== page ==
The series-deciding Test between England and India was sensationally cancelled on the morning of the match after the tourists were unable to field a team due to concerns over Covid-19.
The fifth LV= Insurance Test was due to get under way in Manchester at 11am but little more than two hours before the scheduled start a statement from the England and Wales Cricket Board confirmed the game would not be taking place.
The ECB initially said that India will "forfeit the match", although that wording was removed in an updated version, suggesting negotiations between the respective boards remain ongoing. The BCCI later said the decision was a joint one and that it was open to rescheduling.
Concerns over the viability of the fixture first appeared on the eve of the match, when India cancelled their final training session and failed to complete their mandatory press conference.
It later emerged that the squad was confined to its hotel after a new positive case was returned by one of their backroom team.
Head coach Ravi Shastri had previously tested positive for the virus during the fourth Test at the Oval, where he remains in quarantine with bowling coach Bharat Arun and fielding coach Ramakrishnan Sridhar.
The threat appeared to recede when a fresh round of PCR testing among the remaining members of the travelling party came back negative, but after intense negotiations between the ECB and the Board of Control for Cricket in India the game was cancelled.
It is understood that a number of Indian players harboured concerns over the spread of the virus and were unwilling to take the field, meaning the tourists could not put up an XI.
The revised ECB statement read: "Following ongoing conversations with the BCCI, the ECB can confirm that the fifth Test between England and India Men due to start today at Emirates Old Trafford, will be cancelled.
"Due to fears of a further increase in the number of COVID cases inside the camp, India are regrettably unable to field a team. We send our sincere apologies to fans and partners for this news, which we know will cause immense disappointment and inconvenience to many. Further information will be shared in due course."
England completed their own pre-match preparations on Thursday, planning for business as usual. Vice-captain Jos Buttler acknowledged there was some uncertainty given India's no show at the ground but was left hoping for the best.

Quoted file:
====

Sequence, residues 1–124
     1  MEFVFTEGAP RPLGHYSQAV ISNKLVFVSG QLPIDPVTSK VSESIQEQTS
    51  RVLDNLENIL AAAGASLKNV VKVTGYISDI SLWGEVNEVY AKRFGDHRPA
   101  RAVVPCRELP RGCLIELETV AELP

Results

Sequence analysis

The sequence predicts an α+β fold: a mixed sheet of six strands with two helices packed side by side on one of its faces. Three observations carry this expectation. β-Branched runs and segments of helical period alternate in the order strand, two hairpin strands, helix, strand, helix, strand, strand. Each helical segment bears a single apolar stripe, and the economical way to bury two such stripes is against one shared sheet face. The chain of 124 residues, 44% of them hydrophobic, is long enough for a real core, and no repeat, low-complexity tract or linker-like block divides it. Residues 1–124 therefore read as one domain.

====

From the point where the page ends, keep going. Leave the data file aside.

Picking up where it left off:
"At present we're fully expecting the game to go ahead and we’re preparing to play – fingers crossed the game will go ahead," he said on Thursday.
"We don’t know too much to be honest. It would be naive to speculate too much on stuff I don’t know about. Things are all fine in our camp."
Former England batsman Mark Butcher said the cancellation was a shame and acknowledged the restart of the Indian Premier League on September 19 would be a talking point for fans.
"There are also other factors to think of and I’m sure people will be talking about the fact the IPL restarts in the UAE on the 19th and any postponement would push that back beyond the start of the competition," Butcher told Sky Sports.
"I’ve got a little bit of sympathy in terms of the Indian players, most of whom have been on the road before the Australian series over Christmas and New Year. They did go home to play England but they were in strict bubbles then.
"I can imagine some of those players locked up in their rooms at the moment have had an absolute gutful and want to get out. But that does not dim any of the disappointment for fans and the amount of money involved in putting these Test matches on.
"India are 2-1 up in the series and Virat Kohli as a captain is a man responsible for rekindling the love and the engagement of the Indian public with the Test match game.
"This decision would not have been taken lightly. It’s certainly not the case they are hightailing it without having given it proper due consideration. It’s a really sad day for the game."
Former England captain Nasser Hussain added: "I have a lot of sympathy with the Indian players as they’ve had two physios (test positive) and the second one would have been treating all the players with some sore bodies ahead of a fifth Test match.
"My actual sympathy is with the crowd. People would have taken days off work, booked hotels and you can imagine how people would have come here to watch this Test match with it set up perfectly – India 2-1 ahead and England looking to bounce back.
"It’s a real shame that it has to end on such a low note."